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Continued state investment needed for the Medicaid ACOs and Housing First program for New Jersey’s most vulnerable people and communities

June 25, 2018
Care team member meeting with doctor at triage center

By Kathleen Noonan

With less than a week before New Jersey’s constitution requires fiscal budget 2019 to be approved, one thing is certain: Medicaid Accountable Care Organizations (ACOs) and the Camden Coalition Housing First program are essential to meeting the healthcare needs of some of our most complex Medicaid recipients in communities that suffer from our state’s most significant health disparities.

It is critical that New Jersey continue the Medicaid ACO Demonstration project. As part of a three-year demonstration that began in 2015, the Camden Coalition, Trenton Health Team, and Healthy Greater Newark have been improving the health and well-being of members across the state. At the Camden Coalition, it’s stories like those of Charlie Vazquez and Christine Keck that underscore why this work matters, especially in the midst of a growing opioid crisis. Christine was able to get her pregnancy on a healthy track with medication-assisted treatment for substance use disorder and housing support. Our complex care intervention helped Charlie get his chronic illnesses under control after years on and off of heroin and in and out of jail. Christine is now raising her healthy baby boy in a stable home. Charlie is on the mend and about to move into a place of his own.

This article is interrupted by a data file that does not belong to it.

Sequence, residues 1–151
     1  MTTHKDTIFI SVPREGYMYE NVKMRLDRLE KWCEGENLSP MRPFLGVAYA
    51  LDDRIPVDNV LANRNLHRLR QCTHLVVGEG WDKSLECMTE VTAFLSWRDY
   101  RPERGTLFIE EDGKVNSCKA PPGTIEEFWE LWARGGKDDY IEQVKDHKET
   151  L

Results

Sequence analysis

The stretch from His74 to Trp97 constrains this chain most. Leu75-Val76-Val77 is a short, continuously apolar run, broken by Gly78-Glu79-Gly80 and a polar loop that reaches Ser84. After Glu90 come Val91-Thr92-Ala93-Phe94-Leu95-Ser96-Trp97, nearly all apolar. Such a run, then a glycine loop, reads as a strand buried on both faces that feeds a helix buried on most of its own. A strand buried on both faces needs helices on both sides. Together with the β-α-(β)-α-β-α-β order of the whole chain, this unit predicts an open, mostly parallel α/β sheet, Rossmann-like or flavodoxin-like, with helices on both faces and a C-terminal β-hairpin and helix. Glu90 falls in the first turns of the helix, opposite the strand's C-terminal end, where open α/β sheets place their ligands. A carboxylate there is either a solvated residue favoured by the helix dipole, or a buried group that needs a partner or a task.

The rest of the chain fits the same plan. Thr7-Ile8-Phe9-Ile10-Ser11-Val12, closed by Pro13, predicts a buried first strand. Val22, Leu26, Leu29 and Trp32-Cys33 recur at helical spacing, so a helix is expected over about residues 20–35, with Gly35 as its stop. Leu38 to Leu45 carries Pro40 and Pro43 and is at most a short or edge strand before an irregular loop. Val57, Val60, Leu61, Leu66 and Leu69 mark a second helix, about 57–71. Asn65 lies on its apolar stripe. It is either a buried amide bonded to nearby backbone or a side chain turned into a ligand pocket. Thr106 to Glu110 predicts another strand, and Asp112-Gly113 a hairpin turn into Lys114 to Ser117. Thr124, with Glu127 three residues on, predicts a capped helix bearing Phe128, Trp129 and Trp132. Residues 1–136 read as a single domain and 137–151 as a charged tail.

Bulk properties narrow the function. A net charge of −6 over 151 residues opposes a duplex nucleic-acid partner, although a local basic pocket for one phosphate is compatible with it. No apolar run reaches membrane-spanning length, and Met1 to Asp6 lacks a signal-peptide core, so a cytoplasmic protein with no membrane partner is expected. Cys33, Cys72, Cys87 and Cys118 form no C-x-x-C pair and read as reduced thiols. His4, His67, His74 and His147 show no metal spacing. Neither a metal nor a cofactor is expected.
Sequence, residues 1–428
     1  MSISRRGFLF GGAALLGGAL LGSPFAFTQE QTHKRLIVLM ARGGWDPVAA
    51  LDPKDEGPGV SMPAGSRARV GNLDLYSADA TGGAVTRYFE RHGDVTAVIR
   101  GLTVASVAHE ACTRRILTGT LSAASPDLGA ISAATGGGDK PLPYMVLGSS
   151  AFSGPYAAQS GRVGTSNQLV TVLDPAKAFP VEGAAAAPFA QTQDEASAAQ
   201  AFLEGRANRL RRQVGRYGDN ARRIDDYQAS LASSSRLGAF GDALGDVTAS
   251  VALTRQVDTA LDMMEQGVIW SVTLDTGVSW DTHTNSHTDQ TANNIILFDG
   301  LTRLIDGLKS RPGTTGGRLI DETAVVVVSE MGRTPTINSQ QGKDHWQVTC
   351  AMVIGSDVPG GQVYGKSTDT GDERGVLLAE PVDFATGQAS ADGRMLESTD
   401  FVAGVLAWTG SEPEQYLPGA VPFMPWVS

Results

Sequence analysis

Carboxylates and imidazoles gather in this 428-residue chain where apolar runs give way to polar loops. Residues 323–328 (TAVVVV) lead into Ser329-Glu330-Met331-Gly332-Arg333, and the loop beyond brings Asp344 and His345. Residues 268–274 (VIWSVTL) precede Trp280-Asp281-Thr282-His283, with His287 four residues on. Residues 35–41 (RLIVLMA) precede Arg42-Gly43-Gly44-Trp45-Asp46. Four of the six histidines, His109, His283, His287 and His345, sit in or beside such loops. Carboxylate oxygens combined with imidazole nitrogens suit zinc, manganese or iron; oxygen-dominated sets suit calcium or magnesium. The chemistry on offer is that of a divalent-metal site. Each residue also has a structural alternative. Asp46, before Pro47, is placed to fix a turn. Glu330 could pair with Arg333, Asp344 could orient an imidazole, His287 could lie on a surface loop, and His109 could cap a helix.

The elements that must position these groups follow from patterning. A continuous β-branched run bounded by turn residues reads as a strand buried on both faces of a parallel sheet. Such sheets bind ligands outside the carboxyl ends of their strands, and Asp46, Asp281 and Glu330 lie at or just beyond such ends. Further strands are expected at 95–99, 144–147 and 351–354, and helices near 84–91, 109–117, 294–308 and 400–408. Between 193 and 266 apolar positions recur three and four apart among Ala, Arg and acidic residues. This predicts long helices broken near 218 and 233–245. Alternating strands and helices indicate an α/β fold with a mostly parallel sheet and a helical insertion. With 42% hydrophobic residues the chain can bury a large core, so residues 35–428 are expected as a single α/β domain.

It is also crucial that New Jersey sustain the Camden Coalition Housing First program, an intervention that has preliminarily shown a 60 percent reduction in inpatient and emergency room use. Housing First is a widely-used, evidence-based housing model that ends homelessness for individuals facing long-term housing challenges. With the help of community partners, the Camden Coalition provides participants with safe, dignified housing and extensive wrap-around support services so they can improve their health and manage chronic conditions.

Given the extent of the opioid crisis and ever more uncertainty about healthcare from Washington, now is not the time to pull the rug out from the most vulnerable people in our state. Instead, New Jersey can lead the country, at such a critical time, toward a healthcare system that values local innovation and ultimately improves the health and social needs of individuals.

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